How to Maximize Your Online Newsroom

By Sacha Kiesman, WordLab Client Associate

The newsroom page on your organization’s website shouldn’t just be another place to keep “owned” media. Journalists often visit newsroom pages while doing preliminary research before reaching out to schedule an interview, and a poorly utilized one can leave a bad first impression. Your newsroom is truly where “owned” media can start to become “earned” media, even before you speak with a reporter.

According to a 2020 study, journalists are frustrated by the current state of online newsrooms. However, online media relations are more important than ever, and the study found that junior journalists with new media experience have increased trust in organizations with a successful online media relations strategy. With this in mind, here are three critiques identified in the study that are useful to building an online newsroom – one that is helpful to journalists and will make them more likely to contact you and share your organization’s news.

Critique 1: Newsroom text doesn’t comply with journalistic standards.

Journalists are often in a time crunch and don’t want to sift through exaggerated numbers and long, winding sentences to find information. Newsroom copy should be written following the format of a news article, including a clear summary of the topic and pertinent supporting details. The newsroom is not the place for ad copy.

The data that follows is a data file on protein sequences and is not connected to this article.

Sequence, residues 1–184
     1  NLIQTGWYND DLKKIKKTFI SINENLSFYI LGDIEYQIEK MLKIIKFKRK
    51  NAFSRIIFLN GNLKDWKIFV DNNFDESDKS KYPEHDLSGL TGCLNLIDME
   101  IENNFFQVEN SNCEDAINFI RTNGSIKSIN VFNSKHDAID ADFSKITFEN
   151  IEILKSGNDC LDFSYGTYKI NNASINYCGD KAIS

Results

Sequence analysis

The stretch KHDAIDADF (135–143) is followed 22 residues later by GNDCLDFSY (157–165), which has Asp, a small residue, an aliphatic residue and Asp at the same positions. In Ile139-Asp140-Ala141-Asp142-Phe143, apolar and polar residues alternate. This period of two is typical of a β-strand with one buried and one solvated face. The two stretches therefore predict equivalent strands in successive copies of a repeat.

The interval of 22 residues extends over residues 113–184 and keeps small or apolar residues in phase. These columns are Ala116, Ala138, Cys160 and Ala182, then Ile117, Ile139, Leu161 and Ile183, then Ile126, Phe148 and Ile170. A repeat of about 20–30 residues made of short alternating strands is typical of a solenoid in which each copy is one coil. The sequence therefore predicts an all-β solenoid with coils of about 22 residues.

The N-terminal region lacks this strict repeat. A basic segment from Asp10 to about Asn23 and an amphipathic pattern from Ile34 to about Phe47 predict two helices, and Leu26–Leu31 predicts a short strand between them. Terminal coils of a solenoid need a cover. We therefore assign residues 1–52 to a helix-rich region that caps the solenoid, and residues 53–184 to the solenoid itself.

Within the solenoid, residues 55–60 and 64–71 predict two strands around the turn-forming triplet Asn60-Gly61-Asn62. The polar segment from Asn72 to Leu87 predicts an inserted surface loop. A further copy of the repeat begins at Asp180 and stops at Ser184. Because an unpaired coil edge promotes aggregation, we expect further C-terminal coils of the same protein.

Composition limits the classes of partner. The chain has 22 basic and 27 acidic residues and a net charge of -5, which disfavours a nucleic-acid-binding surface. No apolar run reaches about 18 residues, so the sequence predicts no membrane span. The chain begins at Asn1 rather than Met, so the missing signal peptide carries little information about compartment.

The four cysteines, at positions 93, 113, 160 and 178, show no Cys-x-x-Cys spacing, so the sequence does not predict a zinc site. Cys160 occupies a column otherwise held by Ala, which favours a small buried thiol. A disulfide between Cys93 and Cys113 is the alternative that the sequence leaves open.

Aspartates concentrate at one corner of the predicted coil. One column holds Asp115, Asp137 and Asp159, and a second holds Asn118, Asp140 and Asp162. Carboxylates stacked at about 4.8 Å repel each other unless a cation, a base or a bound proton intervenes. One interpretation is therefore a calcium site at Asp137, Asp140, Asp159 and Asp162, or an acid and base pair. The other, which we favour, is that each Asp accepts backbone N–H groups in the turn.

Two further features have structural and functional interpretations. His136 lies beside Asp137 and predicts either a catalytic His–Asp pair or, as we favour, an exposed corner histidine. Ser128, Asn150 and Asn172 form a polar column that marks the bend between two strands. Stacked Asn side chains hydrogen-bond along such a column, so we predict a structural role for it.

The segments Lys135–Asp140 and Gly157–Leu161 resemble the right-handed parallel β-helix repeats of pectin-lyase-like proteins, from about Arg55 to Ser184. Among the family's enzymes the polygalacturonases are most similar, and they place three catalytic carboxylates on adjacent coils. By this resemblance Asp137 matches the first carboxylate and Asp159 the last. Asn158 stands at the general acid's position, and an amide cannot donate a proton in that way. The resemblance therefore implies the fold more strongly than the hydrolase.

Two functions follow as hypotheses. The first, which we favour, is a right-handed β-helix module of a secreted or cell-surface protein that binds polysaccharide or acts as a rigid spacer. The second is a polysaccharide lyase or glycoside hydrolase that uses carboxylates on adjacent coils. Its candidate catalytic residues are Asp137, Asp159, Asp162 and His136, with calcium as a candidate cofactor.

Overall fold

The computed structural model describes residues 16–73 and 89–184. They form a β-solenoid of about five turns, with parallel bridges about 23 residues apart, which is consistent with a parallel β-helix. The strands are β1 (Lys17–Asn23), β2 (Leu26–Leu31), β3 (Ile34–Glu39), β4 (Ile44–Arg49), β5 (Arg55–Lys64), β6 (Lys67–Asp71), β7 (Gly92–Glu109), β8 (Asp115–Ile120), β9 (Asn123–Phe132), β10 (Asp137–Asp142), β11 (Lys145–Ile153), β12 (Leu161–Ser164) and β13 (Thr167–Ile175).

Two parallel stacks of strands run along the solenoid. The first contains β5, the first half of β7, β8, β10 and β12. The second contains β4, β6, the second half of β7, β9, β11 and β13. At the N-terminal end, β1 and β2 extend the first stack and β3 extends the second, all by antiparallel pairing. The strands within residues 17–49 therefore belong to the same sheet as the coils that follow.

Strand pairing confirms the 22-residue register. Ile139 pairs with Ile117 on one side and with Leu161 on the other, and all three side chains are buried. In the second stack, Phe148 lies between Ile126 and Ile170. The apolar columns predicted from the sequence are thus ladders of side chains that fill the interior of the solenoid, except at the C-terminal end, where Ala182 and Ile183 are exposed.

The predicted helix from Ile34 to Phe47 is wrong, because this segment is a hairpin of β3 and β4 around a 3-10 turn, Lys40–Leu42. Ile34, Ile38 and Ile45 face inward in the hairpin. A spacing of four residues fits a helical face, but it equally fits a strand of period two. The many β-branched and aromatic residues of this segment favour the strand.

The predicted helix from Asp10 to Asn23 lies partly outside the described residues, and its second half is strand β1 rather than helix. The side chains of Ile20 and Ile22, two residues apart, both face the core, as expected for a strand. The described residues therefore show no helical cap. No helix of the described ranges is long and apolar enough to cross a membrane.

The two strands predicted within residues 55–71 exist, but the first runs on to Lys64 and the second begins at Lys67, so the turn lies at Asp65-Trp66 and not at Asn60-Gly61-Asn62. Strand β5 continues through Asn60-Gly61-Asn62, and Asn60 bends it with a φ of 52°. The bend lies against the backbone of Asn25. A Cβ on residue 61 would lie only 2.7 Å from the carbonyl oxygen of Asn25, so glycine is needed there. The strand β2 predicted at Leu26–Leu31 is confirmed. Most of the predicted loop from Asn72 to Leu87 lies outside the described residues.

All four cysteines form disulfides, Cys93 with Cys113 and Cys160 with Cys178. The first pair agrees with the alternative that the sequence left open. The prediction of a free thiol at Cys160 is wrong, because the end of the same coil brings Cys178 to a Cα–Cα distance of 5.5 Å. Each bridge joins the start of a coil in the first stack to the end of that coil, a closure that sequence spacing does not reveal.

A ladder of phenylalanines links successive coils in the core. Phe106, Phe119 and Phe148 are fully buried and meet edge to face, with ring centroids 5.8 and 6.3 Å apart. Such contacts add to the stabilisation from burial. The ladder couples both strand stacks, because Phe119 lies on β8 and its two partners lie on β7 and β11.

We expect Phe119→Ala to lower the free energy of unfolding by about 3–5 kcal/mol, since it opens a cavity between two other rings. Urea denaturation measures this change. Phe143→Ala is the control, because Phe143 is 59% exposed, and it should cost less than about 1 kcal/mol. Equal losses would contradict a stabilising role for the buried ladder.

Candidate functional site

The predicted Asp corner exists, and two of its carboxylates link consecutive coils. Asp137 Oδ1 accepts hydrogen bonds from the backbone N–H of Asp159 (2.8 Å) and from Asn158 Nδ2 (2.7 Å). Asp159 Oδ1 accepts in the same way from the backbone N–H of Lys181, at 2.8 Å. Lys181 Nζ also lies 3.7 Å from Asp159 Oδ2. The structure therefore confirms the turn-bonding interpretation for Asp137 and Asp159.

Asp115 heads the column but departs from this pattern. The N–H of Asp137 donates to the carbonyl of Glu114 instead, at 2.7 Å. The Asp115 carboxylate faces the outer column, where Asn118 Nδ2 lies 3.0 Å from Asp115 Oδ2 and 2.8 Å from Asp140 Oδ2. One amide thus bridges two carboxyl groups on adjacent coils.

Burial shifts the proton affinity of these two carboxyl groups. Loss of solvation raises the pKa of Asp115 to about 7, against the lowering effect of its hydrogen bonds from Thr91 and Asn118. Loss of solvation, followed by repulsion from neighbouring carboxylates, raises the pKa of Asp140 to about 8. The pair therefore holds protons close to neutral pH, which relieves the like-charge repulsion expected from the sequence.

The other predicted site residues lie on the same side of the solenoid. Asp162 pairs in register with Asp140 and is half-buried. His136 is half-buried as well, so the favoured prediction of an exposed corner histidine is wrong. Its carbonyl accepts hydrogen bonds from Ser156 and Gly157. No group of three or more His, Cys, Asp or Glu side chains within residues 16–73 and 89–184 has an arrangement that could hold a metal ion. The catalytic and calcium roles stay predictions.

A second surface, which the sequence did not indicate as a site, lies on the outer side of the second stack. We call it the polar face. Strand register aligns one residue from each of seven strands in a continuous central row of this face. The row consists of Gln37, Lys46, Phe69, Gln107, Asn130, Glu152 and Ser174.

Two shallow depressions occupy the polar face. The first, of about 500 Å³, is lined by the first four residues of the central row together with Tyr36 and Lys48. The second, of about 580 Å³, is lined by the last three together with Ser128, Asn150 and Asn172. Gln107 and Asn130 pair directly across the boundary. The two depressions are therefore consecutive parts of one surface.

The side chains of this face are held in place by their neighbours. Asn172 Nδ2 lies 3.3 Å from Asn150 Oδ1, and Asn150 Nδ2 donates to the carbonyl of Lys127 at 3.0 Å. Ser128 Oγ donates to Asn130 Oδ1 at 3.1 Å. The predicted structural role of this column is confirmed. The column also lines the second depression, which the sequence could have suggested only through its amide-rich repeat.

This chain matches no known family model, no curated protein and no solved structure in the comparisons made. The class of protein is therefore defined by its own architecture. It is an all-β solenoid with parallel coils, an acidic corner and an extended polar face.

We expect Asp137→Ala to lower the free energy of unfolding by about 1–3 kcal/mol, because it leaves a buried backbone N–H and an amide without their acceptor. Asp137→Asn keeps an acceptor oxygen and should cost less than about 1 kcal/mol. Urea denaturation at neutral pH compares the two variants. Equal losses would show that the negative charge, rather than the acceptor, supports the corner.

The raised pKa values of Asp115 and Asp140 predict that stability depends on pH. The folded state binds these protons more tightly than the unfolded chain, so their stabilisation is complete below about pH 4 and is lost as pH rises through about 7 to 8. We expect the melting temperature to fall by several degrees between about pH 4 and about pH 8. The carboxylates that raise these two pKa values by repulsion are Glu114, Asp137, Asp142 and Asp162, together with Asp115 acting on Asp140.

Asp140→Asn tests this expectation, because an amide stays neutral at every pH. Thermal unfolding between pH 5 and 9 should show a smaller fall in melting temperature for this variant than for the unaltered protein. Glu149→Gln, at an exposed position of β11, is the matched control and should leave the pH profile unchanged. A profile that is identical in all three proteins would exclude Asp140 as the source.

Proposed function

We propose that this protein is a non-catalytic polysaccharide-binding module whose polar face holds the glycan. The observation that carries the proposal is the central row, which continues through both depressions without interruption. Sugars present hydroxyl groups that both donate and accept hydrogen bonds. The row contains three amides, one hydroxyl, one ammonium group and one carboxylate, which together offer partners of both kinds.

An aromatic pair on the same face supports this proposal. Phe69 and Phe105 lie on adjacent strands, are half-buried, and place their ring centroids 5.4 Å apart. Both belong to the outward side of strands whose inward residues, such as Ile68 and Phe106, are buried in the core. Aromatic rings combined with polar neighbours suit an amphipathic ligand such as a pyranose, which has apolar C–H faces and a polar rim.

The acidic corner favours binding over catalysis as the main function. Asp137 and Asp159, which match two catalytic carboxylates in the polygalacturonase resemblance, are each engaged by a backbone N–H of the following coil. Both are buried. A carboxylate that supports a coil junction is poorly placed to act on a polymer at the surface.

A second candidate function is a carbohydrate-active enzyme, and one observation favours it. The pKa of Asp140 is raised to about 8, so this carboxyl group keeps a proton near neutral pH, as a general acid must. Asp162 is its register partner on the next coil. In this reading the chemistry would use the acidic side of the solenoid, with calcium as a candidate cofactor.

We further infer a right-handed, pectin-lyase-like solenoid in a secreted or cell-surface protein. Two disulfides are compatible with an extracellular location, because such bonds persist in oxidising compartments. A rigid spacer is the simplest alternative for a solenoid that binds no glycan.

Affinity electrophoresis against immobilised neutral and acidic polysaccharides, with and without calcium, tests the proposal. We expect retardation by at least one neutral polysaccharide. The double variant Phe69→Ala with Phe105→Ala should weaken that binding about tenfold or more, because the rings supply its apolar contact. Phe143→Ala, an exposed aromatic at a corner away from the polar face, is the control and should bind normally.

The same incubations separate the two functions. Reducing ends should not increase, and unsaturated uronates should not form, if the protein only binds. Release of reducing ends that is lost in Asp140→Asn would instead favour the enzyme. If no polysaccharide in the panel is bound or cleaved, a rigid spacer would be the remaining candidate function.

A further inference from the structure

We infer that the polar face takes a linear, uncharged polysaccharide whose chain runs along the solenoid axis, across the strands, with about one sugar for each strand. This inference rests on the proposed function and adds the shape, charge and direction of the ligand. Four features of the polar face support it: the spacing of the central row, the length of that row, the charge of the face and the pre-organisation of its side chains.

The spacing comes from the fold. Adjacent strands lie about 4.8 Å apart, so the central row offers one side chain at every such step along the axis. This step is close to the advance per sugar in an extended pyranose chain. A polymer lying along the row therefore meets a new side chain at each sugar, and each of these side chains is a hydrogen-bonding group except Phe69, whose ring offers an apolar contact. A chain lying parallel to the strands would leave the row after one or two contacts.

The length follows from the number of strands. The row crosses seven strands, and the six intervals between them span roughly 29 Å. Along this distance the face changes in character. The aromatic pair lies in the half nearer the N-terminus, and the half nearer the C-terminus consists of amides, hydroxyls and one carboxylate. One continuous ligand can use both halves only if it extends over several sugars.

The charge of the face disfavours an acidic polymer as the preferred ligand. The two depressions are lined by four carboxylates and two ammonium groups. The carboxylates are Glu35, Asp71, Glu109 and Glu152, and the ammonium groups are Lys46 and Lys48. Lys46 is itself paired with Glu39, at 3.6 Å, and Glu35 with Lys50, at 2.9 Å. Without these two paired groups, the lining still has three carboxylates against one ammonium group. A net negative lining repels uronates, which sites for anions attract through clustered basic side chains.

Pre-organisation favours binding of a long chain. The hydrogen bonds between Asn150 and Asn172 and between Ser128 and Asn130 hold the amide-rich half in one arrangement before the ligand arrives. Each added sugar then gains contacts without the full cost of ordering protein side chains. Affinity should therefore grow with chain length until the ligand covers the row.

Critique 2: Newsrooms don’t have adequate photos and visuals.

Photographs in your newsroom should be high-resolution enough to put right into a newspaper or magazine. They should also include captions with information about the content of the photo, such as the names of everyone pictured. Journalists have hectic schedules, so make it easier on them by providing useable photos and proper attribution details.

Critique 3: Newsrooms should easily lead to contact with an organization.

According to the study, contact information is the third most important feature of a newsroom to journalists, after photographs and news archives. Journalists stress the importance of providing working emails that are regularly checked, and indicate increased trust in an organization when they receive fast answers from the authorized media relations point of contact.

Final Thoughts

An updated and well-designed newsroom will increase trust in your organization and make it easier for journalists to know who you are. So, visit your newsroom and look for information about your organization’s last public initiative.

Is it easy to find? Do you have enough information and photos to build an article?

Putting yourself in the shoes of a journalist will improve your media relations – and subsequently, your communication with the public.

To read the full 2020 study in the Romanian Journal of Communication and Public Relations, visit